Archive for March, 2013

feeling filling

One of my favourite sandwich fillings is…… butter and peanut butter! I love the sweet and salty, rich creaminess of the mixture! :D


lazy cat




(This is a cat I often see snoozing on a bench near my block, when I walk to the MRT every morning.)

a farewell dinner of sorts

The sister left for a one-week holiday in Korea yesterday night, so we decided to have dinner at the airport before her flight, and settled on Sakae Sushi. Haven’t eaten at a Sakae Sushi for maybe four or five years.

We ordered two bento boxes. The first was chicken teriyaki and tempura,


Continue reading ‘a farewell dinner of sorts’

roasted meat

Our new membership manager R joined us exactly a week ago and I expect he’ll be very busy very soon! :P

Anyway today our big boss M drove R, MS, DT and me out to lunch at this coffeeshop, which is somewhat near our office but difficult to walk to, located next to Orange Valley Nursing Home. M said that there is a stall in the coffeeshop which sells really nice roasted meats.

So I bought some char siew from the stall, called Yee Kee Specialist Roasted Duck. This portion cost $6, slightly more expensive than an equivalently-sized portion from Tiong Bahru Market.


I had asked for the fattier parts. The meat, marbled with lovely fat, was delicious. The burnt bits added extra crunch and flavour. Quite good! Their soup is pretty interesting too. I found bits of duck and dried orange peel in it.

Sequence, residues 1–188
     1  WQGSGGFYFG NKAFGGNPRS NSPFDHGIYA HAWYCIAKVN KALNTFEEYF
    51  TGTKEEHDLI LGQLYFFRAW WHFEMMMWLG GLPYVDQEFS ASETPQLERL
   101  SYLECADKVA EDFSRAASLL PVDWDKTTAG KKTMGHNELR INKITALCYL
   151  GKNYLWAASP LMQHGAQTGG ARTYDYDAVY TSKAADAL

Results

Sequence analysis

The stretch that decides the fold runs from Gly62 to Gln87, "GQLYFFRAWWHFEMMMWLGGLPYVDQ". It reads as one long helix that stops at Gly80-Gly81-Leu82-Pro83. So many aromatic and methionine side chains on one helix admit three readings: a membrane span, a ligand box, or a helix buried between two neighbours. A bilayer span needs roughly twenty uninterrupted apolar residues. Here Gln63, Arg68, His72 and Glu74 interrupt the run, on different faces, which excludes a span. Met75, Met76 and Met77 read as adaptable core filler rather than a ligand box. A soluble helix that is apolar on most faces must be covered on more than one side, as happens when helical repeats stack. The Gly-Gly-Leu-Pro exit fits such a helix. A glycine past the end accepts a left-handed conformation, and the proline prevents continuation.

Yee Kee Specialist Roasted Duck
Blk 148
Silat Avenue
Singapore 160148
+65 9697 7083

palm sunday

Today is Palm Sunday.

Quite some time ago, perhaps a couple of years back, I was out one day when I passed someone carrying a single palm frond. How odd! I thought, and went on.

Then I met another person carrying a palm frond, and another, and another. There were way too many people carrying palm fronds. This got me really puzzled. Was this some new fashion trend?

And suddenly it hit me. It was Palm Sunday!

you learn something new every day


image from here

Why do moles grow hair?

A few days ago, I was on the train home when I noticed this uncle standing a few metres away from me. On one of his forearms was a large, okay gigantic, black mole, which had sprouted a bunch of thick black hair. (HAHA don’t even ask me why I notice such things! :X)

Continue reading ‘you learn something new every day’

just like heaven

Snippet of a Whatsapp conversation with Daphne last night/this morning……

Me: [on Catholic Mass, which I attended one Christmas] Their choir singing sounds like those angels in heaven after u died